Two weeks ago salmonflies started showing up on the lower Henry’s Fork. Once the word got out, fisherman flooded from near and far for the opportunity to catch big fish on big dries. More than once I heard the classic “you don’t need to bring a boat, you can walk down the river on all the other ones” line. While the river was busy, it wasn’t that bad. After seeing lines of cars and trailers at Ora, Vernon, Chester, etc.
A three-day winter storm in the middle of the week set record cold temperatures for the date and greatly slowed snowmelt, saving that snow to melt later in the spring and summer. Elevations above 6,500 feet gained up to inch of new snow-water-equivalent this week, including the White Elephant site on the side of Mt. Sawtelle. As a result, current snowpack at the subwatershed scale is currently between 122% and 147% of median for the date. Although streamflow at most locations is below average this morning, warm temperatures forecast for the next 10 days will resume melt, leading to season-peak streamflows into Henry's Lake and in Fall River and Teton River around June 1. Henry's Lake and Island Park Reservoir will both fill around that time.
A well-above-average May snowpack has begun melting over the past week, resulting in above-average streamflow throught the watershed. Minimal amounts of water are being stored in the watershed's reservoirs, and irrigation diversion is only around 20% of total water supply. As a result, streamflows are very near their natural values--essentially the same flow the rivers would have in absence of reservoirs and diversions. These high, natural flows--occurring within the range of long-term average timing--are currently benefitting physical and ecological processes in stream channels and riparian areas throughout the watershed, mobilizing and removing fine sediment from the stream bottom, creating new habitat, and ensuring reproduction of cottonwood trees. After four years of drought, the sight of snowmelt filling rivers and floodplains is a welcome change.
With a very wet April now in the books, the 2017 water year is certain to be above average in terms of water supply in both the Henry's Fork watershed and in the upper Snake River basin as a whole. Highlights are:
April precipitation in the Henry's Fork watershed was 162% of the 1982-2016 mean and 261% of last year's value.
May 1 snow-water-equivalent in the HF watershed was 146% of the 1981-2010 median and 228% of last year's value.
April 30 natural streamflow in the Snake River at Milner was 171% of the 1988-2014 mean and 130% of last year's value.
Total diversion on April 30 in the upper Snake River basin was 82% of the 1988-2014 and only 72% of last year's value.
Four weeks ago, water-supply outlook for the upper Henry's Fork watershed was average at best because of an extended period of warm, dry weather in March that had already melted much of the low- and mid-elevation snowpack. However, April has turned out to be one of the wettest on record, greatly improving water supply and increasing the probability that relatively little Island Park Reservoir storage water will be needed to meet irrigation demand this summer. With three days left to go in the month, Island Park has received 4.5 inches of precipitation in April, compared with the 1981-2016 average of 2.3 inches and a maximum over that period of 4.2 inches in 1993. However, temperatures have remained above long-term averages throughout the month.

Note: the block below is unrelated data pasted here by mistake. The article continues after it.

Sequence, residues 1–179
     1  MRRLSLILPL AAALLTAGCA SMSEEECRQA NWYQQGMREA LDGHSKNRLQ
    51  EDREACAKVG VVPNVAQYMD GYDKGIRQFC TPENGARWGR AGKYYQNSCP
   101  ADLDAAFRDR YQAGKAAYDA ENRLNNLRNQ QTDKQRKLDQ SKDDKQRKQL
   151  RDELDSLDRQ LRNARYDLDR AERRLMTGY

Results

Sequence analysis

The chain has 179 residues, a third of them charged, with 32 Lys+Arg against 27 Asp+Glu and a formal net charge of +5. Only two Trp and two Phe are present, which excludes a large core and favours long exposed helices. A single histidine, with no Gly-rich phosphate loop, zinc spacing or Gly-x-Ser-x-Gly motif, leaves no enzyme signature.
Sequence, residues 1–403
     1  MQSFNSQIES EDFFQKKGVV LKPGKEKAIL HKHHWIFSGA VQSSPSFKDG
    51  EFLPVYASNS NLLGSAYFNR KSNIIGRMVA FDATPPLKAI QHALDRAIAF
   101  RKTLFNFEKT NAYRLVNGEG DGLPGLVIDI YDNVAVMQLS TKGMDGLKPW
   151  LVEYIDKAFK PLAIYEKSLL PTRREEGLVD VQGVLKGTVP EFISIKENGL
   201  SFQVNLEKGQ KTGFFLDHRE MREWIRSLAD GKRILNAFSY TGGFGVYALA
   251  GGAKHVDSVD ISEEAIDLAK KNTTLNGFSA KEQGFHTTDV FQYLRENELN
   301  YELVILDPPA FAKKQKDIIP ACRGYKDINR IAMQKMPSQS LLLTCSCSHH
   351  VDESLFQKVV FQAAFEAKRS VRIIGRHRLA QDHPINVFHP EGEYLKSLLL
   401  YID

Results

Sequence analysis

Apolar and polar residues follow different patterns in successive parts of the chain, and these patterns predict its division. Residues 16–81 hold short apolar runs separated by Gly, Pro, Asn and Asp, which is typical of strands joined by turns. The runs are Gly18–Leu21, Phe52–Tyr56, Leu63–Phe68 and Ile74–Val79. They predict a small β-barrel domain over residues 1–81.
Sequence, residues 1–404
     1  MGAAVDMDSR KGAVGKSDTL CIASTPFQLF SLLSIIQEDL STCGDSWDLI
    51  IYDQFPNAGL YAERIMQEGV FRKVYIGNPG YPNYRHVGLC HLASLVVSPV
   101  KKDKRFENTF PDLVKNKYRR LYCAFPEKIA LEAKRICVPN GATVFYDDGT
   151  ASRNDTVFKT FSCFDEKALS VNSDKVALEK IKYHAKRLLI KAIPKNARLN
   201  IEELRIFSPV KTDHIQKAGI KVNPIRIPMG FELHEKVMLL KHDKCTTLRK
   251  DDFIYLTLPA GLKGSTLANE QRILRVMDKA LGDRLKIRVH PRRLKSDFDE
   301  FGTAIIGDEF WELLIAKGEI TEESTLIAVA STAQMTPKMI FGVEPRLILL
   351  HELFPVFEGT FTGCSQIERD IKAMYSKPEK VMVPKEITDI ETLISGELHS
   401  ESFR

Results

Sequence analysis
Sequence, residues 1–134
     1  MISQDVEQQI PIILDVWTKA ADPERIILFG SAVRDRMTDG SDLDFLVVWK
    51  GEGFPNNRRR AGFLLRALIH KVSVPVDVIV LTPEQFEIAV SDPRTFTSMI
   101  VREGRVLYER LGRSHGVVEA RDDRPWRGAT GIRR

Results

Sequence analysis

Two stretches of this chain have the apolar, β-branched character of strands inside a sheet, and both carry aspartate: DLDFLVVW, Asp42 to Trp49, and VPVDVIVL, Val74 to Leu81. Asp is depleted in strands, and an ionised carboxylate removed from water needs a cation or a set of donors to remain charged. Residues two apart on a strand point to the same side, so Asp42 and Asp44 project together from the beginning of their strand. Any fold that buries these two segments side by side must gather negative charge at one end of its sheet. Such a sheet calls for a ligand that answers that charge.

Henry’s Fork Rainbow Trout migrating to spawn in the Buffalo River have to pass through the fish ladder at the Buffalo River hydroelectric facility to access upstream spawning habitat. At the end of the fish ladder we, HFF, operate a fish trap from early February through the middle of June. Three times a week we check the Buffalo River fish trap and collect data on species, length, sex, and life histories via passive integrated transponders (PIT) tags if one is present.
To provide streamflow information for all river stakeholders, we have constructed a computer simulation model of the Henry’s Fork watershed stream, reservoir, and irrigation system. Using early-April water-supply conditions and long-term temperature trends as inputs, we expect streamflow conditions to be generally better than average and much better than last year across the watershed. Focusing specifically on Island Park Reservoir and the river immediately downstream, we predict:
Streamflow during the second half of June at Island Park Dam will be roughly equal to the river’s natural flow. With 90% probability, this natural streamflow will range between 400 and 750 cfs.
Irrigation delivery from Island Park Reservoir will begin around July 1 and peak in mid-July. With 95% probability, releases from the reservoir during July will be lower than 1,400 cfs, and with over 95% probability will be much lower than 2016 releases between the middle of June and the first week of August.
With 95% probability, Island Park Reservoir contents at the end of the September will remain above 58,000 ac-ft (43% full), very close to the long-term average.
Because of lower outflows and higher reservoir contents, turbidity (how “dirty” the water appears) in the river immediately downstream of Island Park Dam is expected to remain lower than the high values observed in 2016 during the mid-July cyanobacteria bloom and late-summer reservoir drawdown.